St Paul’s Cathedral has been here for over 1,400 years. It has been built and rebuilt five times, and always its main purpose has been as a
place of worship and prayer.
St Paul's, with its world-famous dome, is an iconic feature of the London skyline. Step inside and you can enjoy the Cathedral's awe-inspiring
interior, and uncover fascinating stories about its history.
Learning & Faith
Education is a core part of the Cathedral's work, delivered through a variety of events by St Paul's Forum, St Paul's Institute and the
Schools & Families department.
History & Collections
For more than 1,400 years, a Cathedral dedicated to St Paul has stood at the highest point in the City. The present Cathedral is the
masterpiece of Britain's most famous architect Sir Christopher Wren.
Behind the scenes, the cost of caring for St Paul's and continuing to deliver our central ministry and work is enormous and the generosity of
our supporters is critical.
Widely considered to be one of the world’s most beautiful buildings and a powerful symbol of the splendour of London, St Paul’s Cathedral is a
breathtaking events venue.
The much anticipated Diamond Jubilee of Queen Elizabeth II was celebrated from 2–5 June 2012, with numerous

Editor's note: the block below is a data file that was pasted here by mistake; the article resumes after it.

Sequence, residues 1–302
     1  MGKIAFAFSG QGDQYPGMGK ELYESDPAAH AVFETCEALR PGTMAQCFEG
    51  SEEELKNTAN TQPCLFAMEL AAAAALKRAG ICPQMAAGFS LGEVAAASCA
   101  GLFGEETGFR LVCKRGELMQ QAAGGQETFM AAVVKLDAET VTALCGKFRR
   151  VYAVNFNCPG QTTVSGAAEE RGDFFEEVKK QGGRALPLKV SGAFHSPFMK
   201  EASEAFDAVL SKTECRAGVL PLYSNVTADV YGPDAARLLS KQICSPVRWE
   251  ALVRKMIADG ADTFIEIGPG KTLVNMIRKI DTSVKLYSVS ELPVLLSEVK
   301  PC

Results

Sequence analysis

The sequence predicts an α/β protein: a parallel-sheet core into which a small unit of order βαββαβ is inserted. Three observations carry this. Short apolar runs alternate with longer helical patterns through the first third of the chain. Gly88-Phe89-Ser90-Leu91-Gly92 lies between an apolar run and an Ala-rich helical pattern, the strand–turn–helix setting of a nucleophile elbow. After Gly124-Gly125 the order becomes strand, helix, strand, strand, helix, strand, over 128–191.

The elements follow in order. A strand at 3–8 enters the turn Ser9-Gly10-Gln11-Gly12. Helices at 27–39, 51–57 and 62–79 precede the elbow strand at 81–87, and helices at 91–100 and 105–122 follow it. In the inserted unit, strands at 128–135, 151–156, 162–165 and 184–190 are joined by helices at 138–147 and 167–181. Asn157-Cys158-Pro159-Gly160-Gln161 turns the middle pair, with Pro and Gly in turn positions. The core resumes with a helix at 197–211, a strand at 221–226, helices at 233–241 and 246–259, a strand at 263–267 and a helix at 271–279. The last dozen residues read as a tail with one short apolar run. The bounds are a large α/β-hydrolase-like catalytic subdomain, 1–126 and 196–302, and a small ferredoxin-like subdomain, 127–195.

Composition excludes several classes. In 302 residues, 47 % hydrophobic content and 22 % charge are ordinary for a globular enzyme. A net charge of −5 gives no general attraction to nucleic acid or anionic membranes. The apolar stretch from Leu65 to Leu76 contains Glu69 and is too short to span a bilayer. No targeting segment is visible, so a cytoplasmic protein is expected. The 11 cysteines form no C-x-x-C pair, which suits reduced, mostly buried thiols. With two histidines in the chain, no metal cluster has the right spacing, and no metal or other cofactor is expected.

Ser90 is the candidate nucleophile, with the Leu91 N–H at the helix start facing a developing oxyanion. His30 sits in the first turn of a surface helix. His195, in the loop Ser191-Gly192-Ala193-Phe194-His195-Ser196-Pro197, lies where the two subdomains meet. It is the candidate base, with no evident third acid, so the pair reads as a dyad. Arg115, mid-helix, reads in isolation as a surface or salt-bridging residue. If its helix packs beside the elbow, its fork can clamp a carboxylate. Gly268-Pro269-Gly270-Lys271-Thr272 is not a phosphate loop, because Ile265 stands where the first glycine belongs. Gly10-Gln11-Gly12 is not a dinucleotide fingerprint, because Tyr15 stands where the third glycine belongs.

events throughout the UK and across the Commonwealth.
Following in Queen Victoria’s footsteps, Queen Elizabeth attended a National Service of Thanksgiving at St Paul’s Cathedral on the final day of
her Diamond Jubilee celebrations.
The service included a Bidding given by The Very Reverend Dr David Ison, the new Dean of St Paul’s, a New Testament reading by the Right
Honorable David Cameron MP, and a Sermon preached by The Most Reverend Dr Rowan Williams, Archbishop of Canterbury. The Collect - a specially
writtenprayerwritten at the Queens direction by the Chapter of St Paul’s Cathedral, was read by the Bishop of London.
The Litany and Prayer of Thanksgiving included readings by numerous inspirational young people involved in charities and awards. These included
a Young Ambassador of the Year from The Prince's Trust and a Queen’s Scout.
There was also a great variety of music with the combined choirs of the St Paul’s Cathedral and Her Majesty’s Chapel Royal, as well as the
specially appointed Diamond Choir. They sang a new piece to the Queen entitled ‘The Call of Wisdom’, by composer Will Todd. In addition, there
were pieces by The State Trumpeters of the Household Cavalry, The Fanfare Trumpeters of the Central Band of the Royal Air force and The Band of
the Welsh Guards.
The service had a congregation of over 2,000, with guests made up of Members of the Royal Family, figures from Government and Law, Realm Prime
ministers, Officers of State, Governors General and representatives from a variety of faiths.
Over the long weekend the Queen had quite a schedule. She attended the Epsom Derby on Saturday 2, The Thames Diamond Jubilee Pageant on Sunday
3, the BBC Concert at Buckingham Palace on Monday 4, and a RAF fly-past following the Procession and service of Thanksgiving on Tuesday 5.
Up and down the country, celebrations over the four-day weekend took the form of street parties and fairs. Across London, spectators turned out
in their thousands to catch a glimpse of the Queen, particularly for the river pageant where there were an estimated 1 million people watching
from the banks of the river.